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Nearly 10 million US jobs lost one year after start of the pandemic

With the one-year anniversary since the start of the economic crisis triggered by the coronavirus pandemic fast approaching, new claims for unemployment benefits continued for yet another week at the historically unprecedented level of over 700,000.

Meanwhile, new infections and deaths remain at alarming levels while uncoordinated and incompetent vaccine rollouts leave the vast majority of populations unprotected even as governments absurdly talk of a return to “normalcy.”

People wait in line for help with unemployment benefits at the One-Stop Career Center in Las Vegas in May 2020. (AP)

The US economy has recovered only a little over one-half of the 22 million jobs lost during the pandemic. The official unemployment rate is 6.2 percent, but the real rate is closer to 10 percent when the 4 million people who have dropped out of the labor force, so-called discouraged workers, are counted. There are still over 20 million workers receiving jobless relief of some kind, including 4 million receiving traditional state unemployment benefits and others on emergency pandemic aid authorized by Congress.

New claims for unemployment benefits fell to 712,000 for the week ending March 6, a drop of 42,000 from the previous week, but still a very high number compared to a typical week in 2019 when between 200,000 and 300,000 would apply.

For the past year new weekly unemployment claims have exceeded the high point of the Great Recession of 2008–2009. In addition, there were also 478,000 new claims for Pandemic Unemployment Assistance for the week, a increase of 42,000 over the previous week. PUA was an emergency program enacted by Congress to help the self-employed and others not covered by regular state unemployment benefits.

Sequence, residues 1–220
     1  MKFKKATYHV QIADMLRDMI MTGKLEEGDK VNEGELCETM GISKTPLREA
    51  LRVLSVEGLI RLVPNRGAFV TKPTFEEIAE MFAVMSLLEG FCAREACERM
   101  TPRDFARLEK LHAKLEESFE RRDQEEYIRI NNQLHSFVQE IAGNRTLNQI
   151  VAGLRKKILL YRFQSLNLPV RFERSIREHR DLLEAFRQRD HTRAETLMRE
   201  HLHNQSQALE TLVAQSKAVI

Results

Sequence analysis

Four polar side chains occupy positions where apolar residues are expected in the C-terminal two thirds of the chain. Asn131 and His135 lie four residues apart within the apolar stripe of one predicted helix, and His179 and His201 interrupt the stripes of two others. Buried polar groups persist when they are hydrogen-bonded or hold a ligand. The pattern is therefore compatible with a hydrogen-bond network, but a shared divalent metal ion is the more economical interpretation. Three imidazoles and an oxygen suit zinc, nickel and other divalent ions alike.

While 379,000 new jobs were added in February, most of these were in the low-wage leisure and hospitality sector, reflecting the reckless reopening policy of the ruling class. Other sectors such as education and construction showed continued declines.

The weekly unemployment claims report came just as President Biden signed into law the coronavirus relief bill, which calls for an additional $300 per person weekly supplement to unemployment benefits and a one-time $1,400 payment to most US residents.

The weekly supplement is only one-half the amount enacted under the Trump administration in March of last year and $100 less than the $400 initially proposed by the Democrats. The much-heralded gradual rise of the federal minimum wage to $15 an hour got stripped out of the relief bill when Democrats capitulated to a procedural challenge.

Even when one figures in the exemption Congress gave to tax payments on the first $10,200 of unemployment benefits and an expanded child tax credit, the COVID relief provided by Congress is far from adequate to make good the devastating impact of the COVID-19 pandemic.

While the stimulus is being presented as a social reform of grand and unprecedented scope, most provisions are limited to less than one year. The pandemic relief package is aimed primarily at preventing a complete collapse in consumer spending and bankruptcy of state and local governments while the Biden administration pursues its deadly reopening agenda. This involves forcing workers back into unsafe factories with the help of the unions while forcing the reopening of schools, a measure that will facilitate the spread of the virus under conditions where new, more deadly variants are emerging.

Eventually the stimulus money will have to be repaid to Wall Street through an assault on the working class of unprecedented savagery, of which the Trump administration was only a foretaste. Indeed there are clear indications that the pandemic is already being used by corporations to restructure, continuing the elimination of relatively well-paid jobs and their replacement with low-wage and contingent employment.